I am unusually close to my family. I don’t get tired of my siblings. Every day I call at least one of my parents. And I’ve told my mom she’d be more than welcome to come live with us when she retires. (My husband might not be as excited about that as I am.) This isn’t normal, I know. But it does mean I am beyond excited every time my family plans a trip back home. Traveling with kids, however, often fails to live up to my expectations.
Maybe you don’t get excited at the prospect of visiting your extended family. Your vacations probably look different from mine. But whether you dream of the beach, the mountains, or the card table in your childhood home, children complicate things.
I’m currently on a two-week family-visiting vacation. I’ve been looking forward to it for months. I’ve been imagining picturesque scenes of heartfelt conversations and miraculously easy bedtime routines. But one day in, a day that started at 5am and contained numerous meltdowns, I was DONE.
“I just want to go home,” I confessed when a crying baby interrupted our attempted family card game . . . again.
My “vacation” was leaving me exhausted. And moms, I know you can relate.
You’ve googled “Kid friendly activities in…” Your plan is meticulous. But inevitably, in the middle of your perfect activity, someone will say: “I’m hungry,” or “I’m tired,” or the oh so subtle, “This is stupid.”
Traveling with kids. It never fits the picture in your head.
But I’m here to remind you that doesn’t mean it’s not worth it.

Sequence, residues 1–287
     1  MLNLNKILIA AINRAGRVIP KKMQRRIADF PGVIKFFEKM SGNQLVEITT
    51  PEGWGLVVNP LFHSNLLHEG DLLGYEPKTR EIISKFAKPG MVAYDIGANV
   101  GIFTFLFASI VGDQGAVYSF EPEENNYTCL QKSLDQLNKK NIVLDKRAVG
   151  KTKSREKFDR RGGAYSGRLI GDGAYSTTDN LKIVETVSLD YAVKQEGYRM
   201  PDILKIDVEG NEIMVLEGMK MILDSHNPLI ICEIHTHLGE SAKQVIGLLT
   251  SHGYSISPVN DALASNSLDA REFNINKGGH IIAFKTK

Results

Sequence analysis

Despite the meltdowns, I still look forward to vacations. Every time. And that’s not because I’m crazy. (Well, ok, maybe I’m a little crazy) It’s because I have so many wonderful memories of family vacations from my own childhood.
Not fancy. Not complicated. But full of fun. At least in my mind.
I’m sure there were tense moments. I’m sure my parents were at the end of their rope many times. But I don’t remember those parts. I remember hiking (read: walking a quarter of a mile) through the mountains. We listened to stories in the car. We ate left-over ice cream for breakfast (once). I know there were many stressful moments for my parents. But as a child, traveling was magic.
So moms, take a breath. The hard moments stick with us because they don’t meld with our plans. When my kid is screaming at me instead of enjoying his time with grandma, I feel like I’ve failed. But I don’t think it’s those moments he’s going to remember.
Feeding chipmunks and eating dessert before lunch. Hammering toy dinosaurs out of chunks of ice. These are the moments that will define his vacations.
Yes, let downs will happen. Your children will be naughty. You will lose patience. There will be many tense moments. But there will also be moments of magic. So let’s take a lesson from our children, and hold onto those.